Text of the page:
When asked whether they had had a good time, expressed as a mark out of five, over 88% marked conference as 3 or above, 66.5% as 4 or 5. 72% rated Hopin as good or very good and 92% of people had no major technical issues. 92% liked the balance of debates and speeches and 84% thought the auditorium experience was good or very good. 71% thought the fringe sessions were good or very good. 82% thought the registration price was about right and 95% were more proud or had the same feelings of pride about the party after conference as before. We were grateful to all of those who took the time and trouble to let us know their views. We have taken them on board.

    The experiences of the exhibition were a lot more mixed. We recognise that it is very difficult, if not impossible, to recreate the experience of a physical exhibition online. We talked about ways to improve the exhibition experience. We talked about playing more exhibitor videos in the auditorium (and we are making those free for Autumn Conference), extending the sessions for the exhibition so that some overlap with the auditorium as at a physical conference, and encouraging exhibitors to use the chat feature to make their stalls more dynamic.

    Turning to motions, it was proposed that we discontinue the practice of name blind selections. It was suggested that knowing from where prospective motions derived would allow the committee to take positive steps to select an agenda from more diverse sources, allowing us to counter the inbuilt bias towards motions written by those more familiar with the process, such as parliamentarians or FPC members. For example, a motion from a Local Party or an SAO could be preferred to one from a spokesperson on the same subject (given that many motions are regularly submitted from the Parliamentary Party).  It was also observed that many people place their motions in the public domain anyway, which can defeat the object.  On the other hand, name blind submissions can counter unconscious bias. The committee had a full discussion and there were many contributions. The vote was very tight. Overall, the majority was persuaded that ending name blind submissions would make for an agenda more likely to represent a wider range of more diverse sources of ideas in the party, and that was something that the committee wanted to encourage.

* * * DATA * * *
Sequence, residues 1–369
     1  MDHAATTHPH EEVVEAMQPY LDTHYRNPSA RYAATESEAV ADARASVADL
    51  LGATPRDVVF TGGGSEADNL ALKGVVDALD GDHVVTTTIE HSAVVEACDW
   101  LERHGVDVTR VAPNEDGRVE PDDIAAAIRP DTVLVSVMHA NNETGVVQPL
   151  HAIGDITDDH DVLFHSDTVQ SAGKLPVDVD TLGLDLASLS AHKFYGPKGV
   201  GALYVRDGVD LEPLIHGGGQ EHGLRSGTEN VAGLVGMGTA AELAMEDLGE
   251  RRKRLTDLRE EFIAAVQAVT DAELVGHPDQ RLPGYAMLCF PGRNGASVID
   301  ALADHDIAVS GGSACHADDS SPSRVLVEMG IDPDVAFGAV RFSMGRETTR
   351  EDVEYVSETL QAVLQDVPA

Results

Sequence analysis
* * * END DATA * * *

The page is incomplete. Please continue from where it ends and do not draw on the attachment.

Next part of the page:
We decided that we would reserve speaking slots for guest speakers from the European Union and/or other European nations. We considered a number of really good suggestions from the International Office. Watch this space for further details.

    Planning for Autumn Conference 2021 will now get underway in earnest. The deadline for drafting advice is 16th June and for motions, 30th June; both at 1pm. FCC will meet in July to select the agenda.